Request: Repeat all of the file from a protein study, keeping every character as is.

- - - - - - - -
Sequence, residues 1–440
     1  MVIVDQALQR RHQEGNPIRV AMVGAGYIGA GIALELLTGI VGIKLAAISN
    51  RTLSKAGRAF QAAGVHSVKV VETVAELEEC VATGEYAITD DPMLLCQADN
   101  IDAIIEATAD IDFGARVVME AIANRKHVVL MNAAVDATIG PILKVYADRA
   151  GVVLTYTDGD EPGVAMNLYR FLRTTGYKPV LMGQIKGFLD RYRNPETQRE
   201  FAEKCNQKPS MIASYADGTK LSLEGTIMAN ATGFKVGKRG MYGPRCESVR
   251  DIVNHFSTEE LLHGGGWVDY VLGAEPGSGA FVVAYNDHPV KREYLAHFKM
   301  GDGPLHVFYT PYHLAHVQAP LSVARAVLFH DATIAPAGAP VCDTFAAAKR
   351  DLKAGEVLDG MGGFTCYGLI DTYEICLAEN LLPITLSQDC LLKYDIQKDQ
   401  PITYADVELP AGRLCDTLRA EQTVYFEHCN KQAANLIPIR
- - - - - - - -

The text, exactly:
Sequence, residues 1–440
     1  MVIVDQALQR RHQEGNPIRV AMVGAGYIGA GIALELLTGI VGIKLAAISN
    51  RTLSKAGRAF QAAGVHSVKV VETVAELEEC VATGEYAITD DPMLLCQADN
   101  IDAIIEATAD IDFGARVVME AIANRKHVVL MNAAVDATIG PILKVYADRA
   151  GVVLTYTDGD EPGVAMNLYR FLRTTGYKPV LMGQIKGFLD RYRNPETQRE
   201  FAEKCNQKPS MIASYADGTK LSLEGTIMAN ATGFKVGKRG MYGPRCESVR
   251  DIVNHFSTEE LLHGGGWVDY VLGAEPGSGA FVVAYNDHPV KREYLAHFKM
   301  GDGPLHVFYT PYHLAHVQAP LSVARAVLFH DATIAPAGAP VCDTFAAAKR
   351  DLKAGEVLDG MGGFTCYGLI DTYEICLAEN LLPITLSQDC LLKYDIQKDQ
   401  PITYADVELP AGRLCDTLRA EQTVYFEHCN KQAANLIPIR